My ultimate goal is to master filter design. That's somewhat of a equivocal answer, but ideally if I'm designing an RF circuit (FM transmitter, for instance) and I'm faced with a noise problem, I'd like to know what filter I need in order to mitigate the noise. Also, I'd like to produce the mathematics to note the affects my filter will have, given a voltage input and various frequencies. In terms of education, I would like to familiarize myself with all types of filters.

    I thought it would be best for me to start out with passive filters, and then move on to active filters. That decision is up to you, but I'm sure that you would want me to learn about both passive and active though?

    What is the order in which college students learn about filters? Maybe it would be a good idea for me to follow their plan?
     
  4. dave

    Dave New Member

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  5. EN0

    EN0 Member

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    Maybe it would be better if I analyzed RLC circuits with nodal analysis before I do filters? I believe that's called "Network Analysis"?

    The problem is that I can't do calculus yet, so I'd have to stay with complex numbers.
     
    Last edited: Sep 8, 2010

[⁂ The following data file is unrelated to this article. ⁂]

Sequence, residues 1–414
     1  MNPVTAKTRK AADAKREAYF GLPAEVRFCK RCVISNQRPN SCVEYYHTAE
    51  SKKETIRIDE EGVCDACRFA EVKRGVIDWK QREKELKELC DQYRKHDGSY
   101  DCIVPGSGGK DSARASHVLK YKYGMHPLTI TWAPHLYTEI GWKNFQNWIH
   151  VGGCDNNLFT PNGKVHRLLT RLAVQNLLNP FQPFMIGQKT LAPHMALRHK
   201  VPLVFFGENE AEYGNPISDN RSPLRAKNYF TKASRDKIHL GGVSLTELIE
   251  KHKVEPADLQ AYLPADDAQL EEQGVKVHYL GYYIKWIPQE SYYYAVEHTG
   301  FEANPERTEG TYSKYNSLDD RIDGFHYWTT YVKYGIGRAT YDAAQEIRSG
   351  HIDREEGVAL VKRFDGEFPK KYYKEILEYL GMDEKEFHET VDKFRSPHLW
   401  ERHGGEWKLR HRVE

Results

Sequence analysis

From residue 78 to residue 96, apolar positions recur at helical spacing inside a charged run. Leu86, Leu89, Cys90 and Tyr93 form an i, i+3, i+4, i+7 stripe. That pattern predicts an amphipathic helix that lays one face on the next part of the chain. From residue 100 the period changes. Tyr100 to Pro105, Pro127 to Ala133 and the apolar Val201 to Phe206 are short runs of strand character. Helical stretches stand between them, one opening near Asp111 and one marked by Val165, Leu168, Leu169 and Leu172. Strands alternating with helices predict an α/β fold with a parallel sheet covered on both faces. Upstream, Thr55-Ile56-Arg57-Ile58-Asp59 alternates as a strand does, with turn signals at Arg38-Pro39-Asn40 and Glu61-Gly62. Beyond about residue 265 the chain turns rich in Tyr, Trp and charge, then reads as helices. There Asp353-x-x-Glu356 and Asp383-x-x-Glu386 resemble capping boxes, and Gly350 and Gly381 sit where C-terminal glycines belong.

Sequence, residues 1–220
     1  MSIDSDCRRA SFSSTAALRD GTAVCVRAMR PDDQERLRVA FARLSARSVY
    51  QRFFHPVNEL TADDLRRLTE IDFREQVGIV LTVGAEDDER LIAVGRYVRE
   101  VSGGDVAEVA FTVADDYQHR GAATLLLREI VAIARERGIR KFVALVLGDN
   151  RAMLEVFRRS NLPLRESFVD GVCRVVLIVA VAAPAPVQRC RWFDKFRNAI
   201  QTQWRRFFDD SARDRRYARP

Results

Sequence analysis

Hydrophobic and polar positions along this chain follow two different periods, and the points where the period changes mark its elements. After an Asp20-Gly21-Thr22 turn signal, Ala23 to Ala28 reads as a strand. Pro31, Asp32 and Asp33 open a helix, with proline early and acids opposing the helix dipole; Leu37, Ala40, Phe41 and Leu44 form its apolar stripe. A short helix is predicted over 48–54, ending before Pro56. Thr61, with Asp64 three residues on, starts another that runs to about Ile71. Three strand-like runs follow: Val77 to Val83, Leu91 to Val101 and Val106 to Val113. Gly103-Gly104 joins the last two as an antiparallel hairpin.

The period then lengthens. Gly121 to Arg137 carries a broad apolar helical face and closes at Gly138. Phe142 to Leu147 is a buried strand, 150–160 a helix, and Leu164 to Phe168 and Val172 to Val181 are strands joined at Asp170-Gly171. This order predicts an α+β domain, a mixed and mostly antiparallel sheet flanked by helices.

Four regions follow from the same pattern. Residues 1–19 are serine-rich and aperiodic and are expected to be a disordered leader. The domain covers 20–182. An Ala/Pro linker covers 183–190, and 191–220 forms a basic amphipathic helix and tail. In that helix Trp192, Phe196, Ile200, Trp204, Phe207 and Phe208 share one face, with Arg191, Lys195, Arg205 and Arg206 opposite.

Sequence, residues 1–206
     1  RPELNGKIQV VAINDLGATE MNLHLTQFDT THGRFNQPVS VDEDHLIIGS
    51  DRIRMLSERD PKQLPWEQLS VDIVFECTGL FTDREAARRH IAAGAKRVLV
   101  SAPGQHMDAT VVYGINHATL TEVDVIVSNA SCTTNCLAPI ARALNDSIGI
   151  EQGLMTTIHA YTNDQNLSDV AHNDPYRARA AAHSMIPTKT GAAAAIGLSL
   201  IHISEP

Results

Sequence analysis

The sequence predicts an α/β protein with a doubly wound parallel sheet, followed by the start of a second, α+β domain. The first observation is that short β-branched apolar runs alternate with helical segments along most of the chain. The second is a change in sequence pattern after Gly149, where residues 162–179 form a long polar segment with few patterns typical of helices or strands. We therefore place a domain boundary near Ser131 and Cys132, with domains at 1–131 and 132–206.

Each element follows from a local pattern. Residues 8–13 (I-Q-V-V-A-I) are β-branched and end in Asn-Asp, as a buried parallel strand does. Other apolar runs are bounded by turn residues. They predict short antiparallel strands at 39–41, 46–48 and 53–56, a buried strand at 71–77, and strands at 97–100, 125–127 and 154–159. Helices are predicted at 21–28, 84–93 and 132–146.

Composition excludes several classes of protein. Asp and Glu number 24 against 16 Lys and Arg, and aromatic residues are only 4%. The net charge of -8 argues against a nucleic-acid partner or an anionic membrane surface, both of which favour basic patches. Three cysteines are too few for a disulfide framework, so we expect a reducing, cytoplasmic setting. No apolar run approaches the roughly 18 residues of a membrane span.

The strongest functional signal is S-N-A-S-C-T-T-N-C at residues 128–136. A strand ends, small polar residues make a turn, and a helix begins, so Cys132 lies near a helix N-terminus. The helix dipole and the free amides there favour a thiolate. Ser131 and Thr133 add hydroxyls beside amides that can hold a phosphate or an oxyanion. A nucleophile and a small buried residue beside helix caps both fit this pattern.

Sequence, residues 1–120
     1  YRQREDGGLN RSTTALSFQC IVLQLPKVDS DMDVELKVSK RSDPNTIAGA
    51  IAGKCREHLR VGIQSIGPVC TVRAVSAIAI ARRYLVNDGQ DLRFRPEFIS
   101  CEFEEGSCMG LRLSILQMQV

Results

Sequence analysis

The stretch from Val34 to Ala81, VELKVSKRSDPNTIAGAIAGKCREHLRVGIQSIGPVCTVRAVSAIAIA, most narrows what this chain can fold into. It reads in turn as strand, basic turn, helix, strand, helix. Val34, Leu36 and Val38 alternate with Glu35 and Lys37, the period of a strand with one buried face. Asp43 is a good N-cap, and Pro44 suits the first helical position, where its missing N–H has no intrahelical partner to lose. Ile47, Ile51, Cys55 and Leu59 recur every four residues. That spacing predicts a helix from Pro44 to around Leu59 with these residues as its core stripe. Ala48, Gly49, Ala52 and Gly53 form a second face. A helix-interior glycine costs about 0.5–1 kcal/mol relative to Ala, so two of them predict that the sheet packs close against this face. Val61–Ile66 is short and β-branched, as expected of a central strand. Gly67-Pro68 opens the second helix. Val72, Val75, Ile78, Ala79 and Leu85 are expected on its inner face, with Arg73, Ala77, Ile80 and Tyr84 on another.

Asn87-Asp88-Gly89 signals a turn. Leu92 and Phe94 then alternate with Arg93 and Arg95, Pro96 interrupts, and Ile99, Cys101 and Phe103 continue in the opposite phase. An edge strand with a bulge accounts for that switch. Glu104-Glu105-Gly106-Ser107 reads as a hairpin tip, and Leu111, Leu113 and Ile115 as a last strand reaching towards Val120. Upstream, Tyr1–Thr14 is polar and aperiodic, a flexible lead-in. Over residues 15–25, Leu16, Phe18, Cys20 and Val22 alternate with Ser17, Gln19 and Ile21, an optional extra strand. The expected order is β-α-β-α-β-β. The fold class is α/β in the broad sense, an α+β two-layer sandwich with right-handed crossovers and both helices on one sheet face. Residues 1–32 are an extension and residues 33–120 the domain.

6. MrAl

    MrAl Well-Known Member Most Helpful Member

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    Hello again,

    Oh ok, so i guess you know what nodal analysis is so lets do another circuit then. Passive filters are the starter filters yes, and this next circuit problem will address the issue of output loading. Many times the load on a filter will degrade its performance. What you could do next is look at another low pass filter, but this time load the output (from output to ground) with a resistor R2. You'll have to analyze a low pass filter again, but this time it will have another resistor R2 in parallel to the capacitor. You should find the transfer function again.
    If that turns out to be too easy, perhaps you can go back to the BP filter and come up with an expression for the transfer function given two different resistors and two different capacitors. Note this will be a little more difficult than simply convolving the two filter functions, so lets see how you do with that one and we'll go from there.

    When it comes to design work, there are a number of approaches.

    Also, maybe we should stick with RC filters for now and move into inductor filters later.
     
  7. EN0

    EN0 Member

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    Sounds great MrAl, I'll get right to it and let you know how things are going.

    Stay tuned! ;)
     
  8. EN0

    EN0 Member

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    Hopefully this is correct:























    Thanks,

    Austin
     

    Attached Files:

    Last edited: Sep 10, 2010
  9. MrAl

    MrAl Well-Known Member Most Helpful Member

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    Hi again,


    It looks like you're on the right track again, but something seems inconsistent when you go to simplify. For example, the first three lines look ok, but then on the fouth line there seems to come in a new variable "R" and the variable "Vin" seems to get left out.
    You certainly started out right, so i think all you have to do now is go back over it starting from line three and redo the simplification.